The Bureau of Labor Statistics was created in 1884 by Chester Alan Arthur -- and now Jack Welch wants to see its birth certificate. President Arthur was a rock-ribbed Republican, a product of New York's Conkling political machine, but he was clearly a shifty liberal. You can tell by the eyes.
Welch thinks somebody's "cooking the numbers" on unemployment -- and if anyone should know about "cooking the numbers" it's Jack Welch. Manipulating information to influence an election? He should know about that too. There were well documented stories that he pressured staffers in NBC's newsroom -- who were also his employees -- to declare his friend George W. Bush the winner of on the night of the disputed 2000 election.
These crazy new charges making the right-wing rounds cry out for a new definition of the word "conservative": Someone who thinks the unemployment situation is even worse than anyone else does -- but wants to do less about it. And Welch's absurd, cackling, over-the-top comments may finally have stripped the veneer off the most carefully polished media image in corporate America.
It's more than a little ironic that Jack Welch, who agrees with Mitt Romney that "corporations are people," is pontificating about electoral matters. With its record of felony convictions, Welch's GE wouldn't even be allowed to vote.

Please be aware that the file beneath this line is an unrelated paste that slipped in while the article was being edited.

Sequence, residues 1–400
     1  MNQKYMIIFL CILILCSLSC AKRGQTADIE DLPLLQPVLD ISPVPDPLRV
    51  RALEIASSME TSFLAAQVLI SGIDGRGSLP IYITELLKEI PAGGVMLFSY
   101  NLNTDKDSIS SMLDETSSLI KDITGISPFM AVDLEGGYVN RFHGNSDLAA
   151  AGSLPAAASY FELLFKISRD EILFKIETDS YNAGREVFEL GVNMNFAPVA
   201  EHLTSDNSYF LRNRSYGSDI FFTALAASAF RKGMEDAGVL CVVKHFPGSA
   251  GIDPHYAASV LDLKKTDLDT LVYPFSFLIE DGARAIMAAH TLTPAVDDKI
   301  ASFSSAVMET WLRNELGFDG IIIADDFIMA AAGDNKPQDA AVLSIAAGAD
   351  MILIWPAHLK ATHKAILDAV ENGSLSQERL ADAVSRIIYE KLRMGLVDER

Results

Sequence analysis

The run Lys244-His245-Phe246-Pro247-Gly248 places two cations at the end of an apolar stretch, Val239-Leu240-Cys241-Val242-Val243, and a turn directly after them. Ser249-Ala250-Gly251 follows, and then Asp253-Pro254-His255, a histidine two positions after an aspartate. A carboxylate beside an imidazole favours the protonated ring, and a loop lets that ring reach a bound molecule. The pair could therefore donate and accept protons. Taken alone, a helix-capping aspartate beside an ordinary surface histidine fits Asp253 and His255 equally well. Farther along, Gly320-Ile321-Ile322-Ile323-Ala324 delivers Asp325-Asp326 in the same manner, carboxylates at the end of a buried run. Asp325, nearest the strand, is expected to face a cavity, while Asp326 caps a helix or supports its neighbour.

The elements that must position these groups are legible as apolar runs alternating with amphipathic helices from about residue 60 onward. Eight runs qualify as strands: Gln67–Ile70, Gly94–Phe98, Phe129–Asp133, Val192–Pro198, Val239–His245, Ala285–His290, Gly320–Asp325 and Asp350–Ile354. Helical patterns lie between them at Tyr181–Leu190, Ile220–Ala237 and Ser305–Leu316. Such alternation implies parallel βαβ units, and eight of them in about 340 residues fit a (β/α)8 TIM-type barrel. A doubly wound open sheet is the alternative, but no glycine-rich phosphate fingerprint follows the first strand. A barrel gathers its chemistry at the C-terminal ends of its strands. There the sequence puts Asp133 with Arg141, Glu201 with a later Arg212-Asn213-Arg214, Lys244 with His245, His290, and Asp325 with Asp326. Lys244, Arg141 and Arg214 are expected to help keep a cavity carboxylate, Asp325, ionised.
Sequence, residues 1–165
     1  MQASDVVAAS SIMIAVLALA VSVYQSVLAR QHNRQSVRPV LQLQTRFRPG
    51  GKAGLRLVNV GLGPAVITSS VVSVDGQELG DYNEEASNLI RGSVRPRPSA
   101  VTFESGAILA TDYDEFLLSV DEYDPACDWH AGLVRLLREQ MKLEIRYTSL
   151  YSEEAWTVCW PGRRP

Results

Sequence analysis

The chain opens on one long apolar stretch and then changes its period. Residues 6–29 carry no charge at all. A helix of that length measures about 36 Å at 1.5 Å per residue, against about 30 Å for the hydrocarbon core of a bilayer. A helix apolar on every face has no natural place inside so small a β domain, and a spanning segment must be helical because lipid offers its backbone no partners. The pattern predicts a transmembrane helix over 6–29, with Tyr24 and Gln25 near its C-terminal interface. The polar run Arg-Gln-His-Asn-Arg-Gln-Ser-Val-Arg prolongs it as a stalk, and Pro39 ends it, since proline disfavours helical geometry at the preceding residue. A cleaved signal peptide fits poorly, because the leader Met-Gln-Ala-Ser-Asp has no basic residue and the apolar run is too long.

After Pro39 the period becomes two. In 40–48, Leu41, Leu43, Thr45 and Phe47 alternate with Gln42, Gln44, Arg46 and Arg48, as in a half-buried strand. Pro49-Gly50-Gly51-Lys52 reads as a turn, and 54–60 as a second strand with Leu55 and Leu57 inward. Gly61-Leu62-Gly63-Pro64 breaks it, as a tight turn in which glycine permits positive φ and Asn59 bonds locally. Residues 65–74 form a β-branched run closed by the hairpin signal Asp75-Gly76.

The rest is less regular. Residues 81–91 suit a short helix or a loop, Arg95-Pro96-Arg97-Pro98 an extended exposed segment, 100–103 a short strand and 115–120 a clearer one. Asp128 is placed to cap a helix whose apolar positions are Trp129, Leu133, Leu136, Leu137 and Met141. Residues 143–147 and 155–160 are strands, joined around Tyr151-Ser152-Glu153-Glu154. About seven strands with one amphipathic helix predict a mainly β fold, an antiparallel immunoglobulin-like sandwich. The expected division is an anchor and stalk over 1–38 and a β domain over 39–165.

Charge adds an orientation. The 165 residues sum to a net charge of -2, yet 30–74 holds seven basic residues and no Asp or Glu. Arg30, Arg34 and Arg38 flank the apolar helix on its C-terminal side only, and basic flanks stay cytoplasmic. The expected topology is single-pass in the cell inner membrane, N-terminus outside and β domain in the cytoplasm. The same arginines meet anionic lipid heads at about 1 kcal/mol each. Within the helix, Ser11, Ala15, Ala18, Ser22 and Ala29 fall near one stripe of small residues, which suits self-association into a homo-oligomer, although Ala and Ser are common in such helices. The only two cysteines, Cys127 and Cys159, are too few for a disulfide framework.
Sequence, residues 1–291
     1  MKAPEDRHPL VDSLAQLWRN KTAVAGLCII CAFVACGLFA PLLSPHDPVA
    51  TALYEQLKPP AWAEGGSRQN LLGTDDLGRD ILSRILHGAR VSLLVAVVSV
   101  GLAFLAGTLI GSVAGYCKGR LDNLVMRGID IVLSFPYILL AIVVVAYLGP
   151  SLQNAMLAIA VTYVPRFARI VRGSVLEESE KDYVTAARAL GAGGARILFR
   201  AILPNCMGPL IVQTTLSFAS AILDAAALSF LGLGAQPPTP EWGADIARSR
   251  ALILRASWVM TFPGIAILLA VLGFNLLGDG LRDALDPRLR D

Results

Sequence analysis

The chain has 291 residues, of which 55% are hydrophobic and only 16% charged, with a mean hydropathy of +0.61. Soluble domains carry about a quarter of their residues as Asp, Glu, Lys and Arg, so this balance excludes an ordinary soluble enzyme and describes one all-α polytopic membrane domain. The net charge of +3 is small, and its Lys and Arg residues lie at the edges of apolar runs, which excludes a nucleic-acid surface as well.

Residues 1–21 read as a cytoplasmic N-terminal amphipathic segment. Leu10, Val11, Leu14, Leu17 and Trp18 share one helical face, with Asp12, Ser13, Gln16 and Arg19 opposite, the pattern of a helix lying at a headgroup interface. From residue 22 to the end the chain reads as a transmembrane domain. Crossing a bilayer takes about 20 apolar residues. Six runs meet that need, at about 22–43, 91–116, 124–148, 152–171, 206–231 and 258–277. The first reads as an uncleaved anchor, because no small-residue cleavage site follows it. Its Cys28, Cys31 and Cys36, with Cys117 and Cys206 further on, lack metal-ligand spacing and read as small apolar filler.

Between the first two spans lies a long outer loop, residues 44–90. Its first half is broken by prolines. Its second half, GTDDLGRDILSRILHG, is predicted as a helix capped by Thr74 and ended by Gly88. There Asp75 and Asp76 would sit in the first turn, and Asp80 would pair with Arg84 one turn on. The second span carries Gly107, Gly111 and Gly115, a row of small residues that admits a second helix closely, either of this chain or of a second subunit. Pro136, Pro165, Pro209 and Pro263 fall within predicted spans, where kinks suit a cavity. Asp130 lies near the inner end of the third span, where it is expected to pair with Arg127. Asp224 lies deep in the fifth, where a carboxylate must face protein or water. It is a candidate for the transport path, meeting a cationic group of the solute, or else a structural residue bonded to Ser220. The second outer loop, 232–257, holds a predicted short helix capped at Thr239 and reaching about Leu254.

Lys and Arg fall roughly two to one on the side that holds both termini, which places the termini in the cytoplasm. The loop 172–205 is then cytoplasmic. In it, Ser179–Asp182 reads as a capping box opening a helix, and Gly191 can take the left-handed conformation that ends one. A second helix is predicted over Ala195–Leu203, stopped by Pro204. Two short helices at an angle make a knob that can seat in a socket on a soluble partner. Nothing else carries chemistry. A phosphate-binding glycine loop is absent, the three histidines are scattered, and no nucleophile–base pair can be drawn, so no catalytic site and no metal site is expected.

With a management record like that, why did so many journalists give Welch a free pass?
It couldn't have hurt that he ran a television network.
Welch's now-infamous tweet said "Unbelievable jobs numbers ... these Chicago guys will do anything. Can't debate so change numbers."
The target of Welch's accusation is a bureau staffed by career civil servants who, as Chris Matthews pointed out in today's epic confrontation with Welch, have always been impervious to Presidential pressure -- even from Richard Nixon.
To believe Welch's charges, you'd have to believe that dozens of them would risk their careers now, that they'd all been bought off successfully without a single one of them running to the press or the authorities. You'd also have to believe that the Obama campaign was smart enough to pull this off, but not smart enough to figure out that being battered over jobs month after month was worse than waiting until the end of the election cycle to make an attention-grabbing fix.
Besides, if you could fix the numbers, wouldn't you really fix them?
There's something else Jack Welch should know: There's another jobs report coming out right before the election. If anyone was going to rig the numbers, that's when they'd do it.
People who aren't wearing tinfoil hats know that jobs numbers are often revised like this. Welch kept raving on Matthews' show as if gargantuan job gains had materialized all at once. They're actually the result of a long-term adjustment, and are only a tiny percentage of the actual figures for that period. This month's jobs numbers were right in line with expectations.
Now Welch is clearly worried that he's damaged his well-cultivated reputation with this remark. He has. He seems concerned that he appears foolish, conspiratorial, reckless, and cynical. He does. So he tried to walk the charge back today, saying that he was only "raising questions" and wasn't "accusing anybody of anything."
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